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What is the TDS?

TDS is an acronym for “TeX Directory Structure”; it specifies a standard way of organising all the TeX-related files on a computer system.

Most modern distributions arrange their TeX files in conformance with the TDS, using both a ‘distribution’ directory tree and a (set of) ‘local’ directory trees, each containing TeX-related files. The TDS recommends the name texmf for the name of the root directory (folder) of an hierarchy; in practice there are typically several such trees, each of which has a name that compounds that (e.g., texmf-dist, texmf-var).

Files supplied as part of the distribution are put into the distribution’s tree, but the location of the distribution’s hierarchy is system dependent. (On a Unix system it might be at /usr/share/texmf or /opt/texmf, or a similar location.)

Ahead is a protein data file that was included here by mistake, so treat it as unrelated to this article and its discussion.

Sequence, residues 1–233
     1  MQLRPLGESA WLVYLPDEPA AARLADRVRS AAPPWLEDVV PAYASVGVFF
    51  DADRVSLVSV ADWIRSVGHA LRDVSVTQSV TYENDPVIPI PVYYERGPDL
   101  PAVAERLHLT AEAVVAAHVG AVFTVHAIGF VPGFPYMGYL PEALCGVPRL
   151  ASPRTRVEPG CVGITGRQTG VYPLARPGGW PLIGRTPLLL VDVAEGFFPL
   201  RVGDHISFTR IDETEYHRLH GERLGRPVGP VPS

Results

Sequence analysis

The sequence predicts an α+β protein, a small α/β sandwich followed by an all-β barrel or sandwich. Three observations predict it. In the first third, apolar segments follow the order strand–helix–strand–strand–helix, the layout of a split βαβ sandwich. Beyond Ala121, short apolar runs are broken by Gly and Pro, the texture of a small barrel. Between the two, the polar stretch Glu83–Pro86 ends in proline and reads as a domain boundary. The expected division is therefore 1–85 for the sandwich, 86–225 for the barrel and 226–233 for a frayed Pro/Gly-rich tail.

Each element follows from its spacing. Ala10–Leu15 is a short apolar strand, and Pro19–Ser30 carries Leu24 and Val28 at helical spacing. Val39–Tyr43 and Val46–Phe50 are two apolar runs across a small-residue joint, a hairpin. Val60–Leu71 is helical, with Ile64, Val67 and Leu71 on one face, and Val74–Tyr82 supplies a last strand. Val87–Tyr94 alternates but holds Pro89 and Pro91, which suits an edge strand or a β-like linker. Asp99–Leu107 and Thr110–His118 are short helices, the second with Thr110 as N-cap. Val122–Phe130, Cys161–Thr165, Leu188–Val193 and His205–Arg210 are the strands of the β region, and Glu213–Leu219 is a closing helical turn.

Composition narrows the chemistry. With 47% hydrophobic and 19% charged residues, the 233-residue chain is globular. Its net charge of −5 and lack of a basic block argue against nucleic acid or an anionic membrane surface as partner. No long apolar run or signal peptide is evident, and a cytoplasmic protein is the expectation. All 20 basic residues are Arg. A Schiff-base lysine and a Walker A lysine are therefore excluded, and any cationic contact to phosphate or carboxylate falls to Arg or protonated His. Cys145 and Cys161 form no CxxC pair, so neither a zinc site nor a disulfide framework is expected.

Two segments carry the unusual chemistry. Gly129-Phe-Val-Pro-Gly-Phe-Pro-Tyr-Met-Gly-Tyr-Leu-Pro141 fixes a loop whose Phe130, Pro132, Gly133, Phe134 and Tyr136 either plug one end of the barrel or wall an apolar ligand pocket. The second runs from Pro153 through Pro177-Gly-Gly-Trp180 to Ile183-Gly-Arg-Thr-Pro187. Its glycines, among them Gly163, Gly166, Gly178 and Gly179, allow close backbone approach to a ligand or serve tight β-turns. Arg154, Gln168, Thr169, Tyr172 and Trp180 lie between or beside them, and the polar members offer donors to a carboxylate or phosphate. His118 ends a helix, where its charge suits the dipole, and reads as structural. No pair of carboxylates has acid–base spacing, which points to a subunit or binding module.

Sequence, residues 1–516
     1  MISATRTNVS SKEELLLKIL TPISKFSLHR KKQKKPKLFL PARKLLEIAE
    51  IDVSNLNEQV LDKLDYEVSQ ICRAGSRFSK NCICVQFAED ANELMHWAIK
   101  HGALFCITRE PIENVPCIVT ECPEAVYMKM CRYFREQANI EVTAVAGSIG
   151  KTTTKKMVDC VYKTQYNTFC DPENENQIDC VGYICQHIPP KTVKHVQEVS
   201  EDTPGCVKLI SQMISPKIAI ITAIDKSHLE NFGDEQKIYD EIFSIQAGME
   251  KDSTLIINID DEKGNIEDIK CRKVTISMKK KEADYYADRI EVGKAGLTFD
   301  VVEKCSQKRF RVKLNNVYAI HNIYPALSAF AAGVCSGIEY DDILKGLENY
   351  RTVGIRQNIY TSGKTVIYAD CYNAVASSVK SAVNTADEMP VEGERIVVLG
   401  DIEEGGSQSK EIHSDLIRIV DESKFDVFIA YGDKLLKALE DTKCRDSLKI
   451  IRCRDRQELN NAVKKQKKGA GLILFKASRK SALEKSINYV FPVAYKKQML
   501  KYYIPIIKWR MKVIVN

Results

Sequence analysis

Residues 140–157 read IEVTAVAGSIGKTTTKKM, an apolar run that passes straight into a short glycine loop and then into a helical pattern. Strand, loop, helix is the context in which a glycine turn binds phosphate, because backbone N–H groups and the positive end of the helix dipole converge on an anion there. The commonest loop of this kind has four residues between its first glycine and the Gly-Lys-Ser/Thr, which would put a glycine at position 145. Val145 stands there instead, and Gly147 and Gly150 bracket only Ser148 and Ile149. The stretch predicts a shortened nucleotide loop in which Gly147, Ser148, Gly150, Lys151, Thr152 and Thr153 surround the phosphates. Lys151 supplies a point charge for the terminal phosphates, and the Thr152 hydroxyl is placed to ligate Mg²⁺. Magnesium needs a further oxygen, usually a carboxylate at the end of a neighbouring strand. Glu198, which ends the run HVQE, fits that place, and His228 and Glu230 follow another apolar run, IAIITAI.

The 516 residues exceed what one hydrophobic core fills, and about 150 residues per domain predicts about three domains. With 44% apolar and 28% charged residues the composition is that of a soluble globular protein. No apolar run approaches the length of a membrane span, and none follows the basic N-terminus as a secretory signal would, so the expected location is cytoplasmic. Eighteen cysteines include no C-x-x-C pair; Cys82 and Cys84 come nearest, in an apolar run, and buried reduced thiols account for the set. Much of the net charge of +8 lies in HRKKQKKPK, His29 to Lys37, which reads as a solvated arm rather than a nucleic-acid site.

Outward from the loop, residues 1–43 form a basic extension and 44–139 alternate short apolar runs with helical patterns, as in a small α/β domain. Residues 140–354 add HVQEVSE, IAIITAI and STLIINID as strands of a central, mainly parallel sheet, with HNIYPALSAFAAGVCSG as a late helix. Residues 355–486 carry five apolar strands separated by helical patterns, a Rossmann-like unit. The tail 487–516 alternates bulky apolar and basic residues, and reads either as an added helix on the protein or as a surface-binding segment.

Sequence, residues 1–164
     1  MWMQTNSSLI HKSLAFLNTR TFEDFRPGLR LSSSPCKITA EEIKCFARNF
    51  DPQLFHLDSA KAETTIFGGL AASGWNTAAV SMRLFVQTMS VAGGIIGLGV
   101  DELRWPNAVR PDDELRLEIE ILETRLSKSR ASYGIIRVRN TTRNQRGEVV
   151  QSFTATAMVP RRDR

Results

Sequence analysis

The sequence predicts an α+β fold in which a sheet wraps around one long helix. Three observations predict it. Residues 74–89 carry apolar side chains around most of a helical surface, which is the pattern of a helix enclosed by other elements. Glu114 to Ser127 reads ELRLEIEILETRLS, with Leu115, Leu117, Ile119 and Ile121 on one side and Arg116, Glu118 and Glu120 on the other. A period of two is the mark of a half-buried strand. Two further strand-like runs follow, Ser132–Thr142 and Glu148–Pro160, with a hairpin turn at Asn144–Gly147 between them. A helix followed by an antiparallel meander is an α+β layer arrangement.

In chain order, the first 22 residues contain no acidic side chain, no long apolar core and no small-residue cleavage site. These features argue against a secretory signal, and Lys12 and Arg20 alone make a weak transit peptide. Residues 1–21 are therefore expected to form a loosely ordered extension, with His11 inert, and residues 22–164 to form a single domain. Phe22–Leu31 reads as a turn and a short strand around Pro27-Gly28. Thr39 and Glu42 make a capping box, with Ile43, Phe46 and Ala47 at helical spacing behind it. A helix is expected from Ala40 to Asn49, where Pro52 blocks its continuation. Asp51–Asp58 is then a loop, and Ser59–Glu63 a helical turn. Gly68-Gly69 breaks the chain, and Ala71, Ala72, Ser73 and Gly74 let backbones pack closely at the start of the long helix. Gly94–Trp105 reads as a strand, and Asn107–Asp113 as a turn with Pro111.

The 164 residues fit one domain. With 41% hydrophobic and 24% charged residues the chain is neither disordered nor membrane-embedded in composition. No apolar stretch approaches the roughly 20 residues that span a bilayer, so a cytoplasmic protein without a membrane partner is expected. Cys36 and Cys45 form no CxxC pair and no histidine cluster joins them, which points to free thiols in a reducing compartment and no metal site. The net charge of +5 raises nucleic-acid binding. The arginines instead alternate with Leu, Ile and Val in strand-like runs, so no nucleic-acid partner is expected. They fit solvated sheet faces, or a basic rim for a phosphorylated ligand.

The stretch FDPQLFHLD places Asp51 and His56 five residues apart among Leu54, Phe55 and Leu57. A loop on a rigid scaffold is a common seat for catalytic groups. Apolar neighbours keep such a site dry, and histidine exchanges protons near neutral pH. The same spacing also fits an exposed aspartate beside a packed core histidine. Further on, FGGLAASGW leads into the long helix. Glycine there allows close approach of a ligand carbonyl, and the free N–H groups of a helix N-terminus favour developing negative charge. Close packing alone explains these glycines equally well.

There may be more than one ‘local’ hierarchy in which additional files can be stored. An installation will also typically offer a local hierarchy, while each user may have an individual local hierarchy.

The TDS itself is published as the output of a TUG Technical Working Group. You may browse an on-line version of the standard, and copies in several other formats (including source) are available on CTAN.

TDS specification
tds (or browse the directory); catalogue entry

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URL for this question: http://www.tex.ac.uk/cgi-bin/texfaq2html?label=tds

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This is FAQ version 3.28, released on 2014-06-10.